Palestinian leader Abbas appeals for independence
The Palestinian Authority President Mahmoud Abbas has made a fresh appeal for international recognition of an independent Palestinian state.
Writing in The New York Times, Mr Abbas says that Palestinians "cannot wait indefinitely" for their own state.
He wants the United Nations General Assembly to vote in September for an independent Palestine.
The appeal comes days before Israeli Prime Minister Benjamin Netanyahu is due for talks at the White House.
Mr Netanyahu is scheduled to address a joint meeting of the US Congress during his visit to Washington, and reports suggest he will argue against the Palestinian bid.
The United States has urged the Palestinians and Israel not to take unilateral steps that could jeopardise a final peace settlement.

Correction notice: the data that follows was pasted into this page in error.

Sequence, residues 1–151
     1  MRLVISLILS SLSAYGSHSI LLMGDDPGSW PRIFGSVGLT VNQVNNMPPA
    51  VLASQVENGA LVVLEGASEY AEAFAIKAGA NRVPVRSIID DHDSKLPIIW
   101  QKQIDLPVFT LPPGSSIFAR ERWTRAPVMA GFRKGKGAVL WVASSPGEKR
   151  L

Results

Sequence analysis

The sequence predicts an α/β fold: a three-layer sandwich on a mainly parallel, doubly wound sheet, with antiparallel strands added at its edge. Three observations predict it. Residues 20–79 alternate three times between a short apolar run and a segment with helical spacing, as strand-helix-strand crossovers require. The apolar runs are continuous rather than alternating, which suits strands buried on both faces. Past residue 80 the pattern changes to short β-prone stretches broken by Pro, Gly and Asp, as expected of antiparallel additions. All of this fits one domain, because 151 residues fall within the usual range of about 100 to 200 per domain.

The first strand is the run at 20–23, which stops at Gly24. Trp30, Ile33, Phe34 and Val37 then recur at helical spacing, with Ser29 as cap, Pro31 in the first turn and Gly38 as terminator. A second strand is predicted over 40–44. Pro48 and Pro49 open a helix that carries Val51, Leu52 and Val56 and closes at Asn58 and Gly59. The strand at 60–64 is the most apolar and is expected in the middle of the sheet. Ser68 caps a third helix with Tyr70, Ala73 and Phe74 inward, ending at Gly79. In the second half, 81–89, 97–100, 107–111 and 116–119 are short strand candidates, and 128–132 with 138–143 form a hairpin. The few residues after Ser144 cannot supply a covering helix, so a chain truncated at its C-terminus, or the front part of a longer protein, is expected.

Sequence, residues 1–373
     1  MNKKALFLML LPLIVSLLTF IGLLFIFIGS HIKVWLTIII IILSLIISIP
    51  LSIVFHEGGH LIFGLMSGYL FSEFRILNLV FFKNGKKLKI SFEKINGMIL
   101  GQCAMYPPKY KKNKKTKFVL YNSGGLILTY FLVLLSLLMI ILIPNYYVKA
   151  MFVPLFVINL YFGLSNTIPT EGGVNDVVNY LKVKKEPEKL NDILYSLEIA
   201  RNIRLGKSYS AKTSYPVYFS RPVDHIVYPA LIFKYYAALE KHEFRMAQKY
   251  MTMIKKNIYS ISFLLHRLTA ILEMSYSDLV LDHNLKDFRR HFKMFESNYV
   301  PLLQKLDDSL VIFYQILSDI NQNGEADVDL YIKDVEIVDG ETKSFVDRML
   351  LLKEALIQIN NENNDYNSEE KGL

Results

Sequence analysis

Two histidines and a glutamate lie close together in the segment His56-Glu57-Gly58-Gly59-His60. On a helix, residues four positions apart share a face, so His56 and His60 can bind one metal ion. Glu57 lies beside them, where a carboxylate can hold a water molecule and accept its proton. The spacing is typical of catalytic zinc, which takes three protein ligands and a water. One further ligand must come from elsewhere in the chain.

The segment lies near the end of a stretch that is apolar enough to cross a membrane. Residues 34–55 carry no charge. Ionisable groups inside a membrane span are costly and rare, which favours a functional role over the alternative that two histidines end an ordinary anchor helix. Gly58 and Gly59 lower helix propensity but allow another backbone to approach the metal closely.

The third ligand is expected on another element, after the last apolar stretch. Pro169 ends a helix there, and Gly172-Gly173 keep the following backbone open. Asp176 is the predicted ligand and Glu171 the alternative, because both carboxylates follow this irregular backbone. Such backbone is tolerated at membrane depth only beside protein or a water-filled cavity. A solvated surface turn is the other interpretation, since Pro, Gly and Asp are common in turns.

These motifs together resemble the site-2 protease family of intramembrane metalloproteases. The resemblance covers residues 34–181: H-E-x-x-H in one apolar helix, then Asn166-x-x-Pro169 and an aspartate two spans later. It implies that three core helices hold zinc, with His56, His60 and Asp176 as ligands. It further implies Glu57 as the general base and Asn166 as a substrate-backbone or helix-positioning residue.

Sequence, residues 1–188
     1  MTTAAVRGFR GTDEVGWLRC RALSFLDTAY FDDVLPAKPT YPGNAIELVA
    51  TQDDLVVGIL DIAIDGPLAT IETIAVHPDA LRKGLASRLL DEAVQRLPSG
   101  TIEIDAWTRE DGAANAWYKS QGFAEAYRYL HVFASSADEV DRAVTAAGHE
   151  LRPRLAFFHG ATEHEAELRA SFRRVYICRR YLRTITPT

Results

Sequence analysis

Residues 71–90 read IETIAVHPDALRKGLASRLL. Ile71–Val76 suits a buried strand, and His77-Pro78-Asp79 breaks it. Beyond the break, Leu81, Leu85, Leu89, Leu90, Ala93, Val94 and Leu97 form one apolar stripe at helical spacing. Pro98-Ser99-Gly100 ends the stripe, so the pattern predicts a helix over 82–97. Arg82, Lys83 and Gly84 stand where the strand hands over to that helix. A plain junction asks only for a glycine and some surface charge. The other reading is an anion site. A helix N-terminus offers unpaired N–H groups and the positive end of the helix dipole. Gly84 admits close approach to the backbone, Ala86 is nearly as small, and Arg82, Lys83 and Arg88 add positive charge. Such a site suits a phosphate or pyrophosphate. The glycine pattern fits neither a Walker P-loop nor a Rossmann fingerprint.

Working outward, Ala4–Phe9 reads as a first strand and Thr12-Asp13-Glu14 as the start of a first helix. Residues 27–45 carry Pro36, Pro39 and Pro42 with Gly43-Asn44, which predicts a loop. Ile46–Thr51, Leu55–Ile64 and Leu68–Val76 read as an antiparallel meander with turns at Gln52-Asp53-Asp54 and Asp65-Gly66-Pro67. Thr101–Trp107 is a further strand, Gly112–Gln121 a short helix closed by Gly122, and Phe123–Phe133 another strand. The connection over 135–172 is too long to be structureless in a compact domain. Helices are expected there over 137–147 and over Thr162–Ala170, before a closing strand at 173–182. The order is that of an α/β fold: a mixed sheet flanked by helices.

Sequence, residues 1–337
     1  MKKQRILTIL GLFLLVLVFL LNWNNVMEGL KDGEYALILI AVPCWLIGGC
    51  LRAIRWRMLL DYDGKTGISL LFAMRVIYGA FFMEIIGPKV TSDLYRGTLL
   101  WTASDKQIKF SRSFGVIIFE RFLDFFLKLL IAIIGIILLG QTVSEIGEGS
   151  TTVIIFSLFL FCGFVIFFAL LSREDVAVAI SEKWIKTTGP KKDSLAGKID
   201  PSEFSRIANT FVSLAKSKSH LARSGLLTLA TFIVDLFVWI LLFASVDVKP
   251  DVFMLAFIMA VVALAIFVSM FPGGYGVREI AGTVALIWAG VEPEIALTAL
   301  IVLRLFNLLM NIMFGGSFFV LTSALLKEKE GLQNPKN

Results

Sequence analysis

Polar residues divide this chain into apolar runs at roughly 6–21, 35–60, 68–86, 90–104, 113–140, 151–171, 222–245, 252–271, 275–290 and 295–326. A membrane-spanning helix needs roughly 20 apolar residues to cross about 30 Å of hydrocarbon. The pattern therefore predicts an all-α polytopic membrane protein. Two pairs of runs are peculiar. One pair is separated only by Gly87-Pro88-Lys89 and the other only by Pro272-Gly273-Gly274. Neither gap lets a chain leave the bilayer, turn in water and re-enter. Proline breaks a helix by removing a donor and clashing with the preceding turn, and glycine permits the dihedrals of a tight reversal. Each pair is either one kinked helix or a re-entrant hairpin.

In his opinion piece in The New York Times newspaper, President Abbas points out that the state of Israel was recognised swiftly after its declaration of independence in 1948, while "our Palestinian state remains a promise unfulfilled".
Mr Abbas calls for the establishment of a state of Palestine along the borders recognised internationally at the end of the Six Day War in 1967.
Palestinian aspirations have been given renewed impetus by the recent deal between the Palestinian Authority, led by Mr Abbas and dominant in the West Bank, and Hamas, which governs the Gaza Strip.
The agreement between the rival factions paves the way for a joint interim government ahead of national elections next year.
But Hamas is designated a terrorist group by Israel, the US and the European Union.
Mr Netanyahu dismissed the agreement as "a tremendous blow to peace and a great victory for terrorism".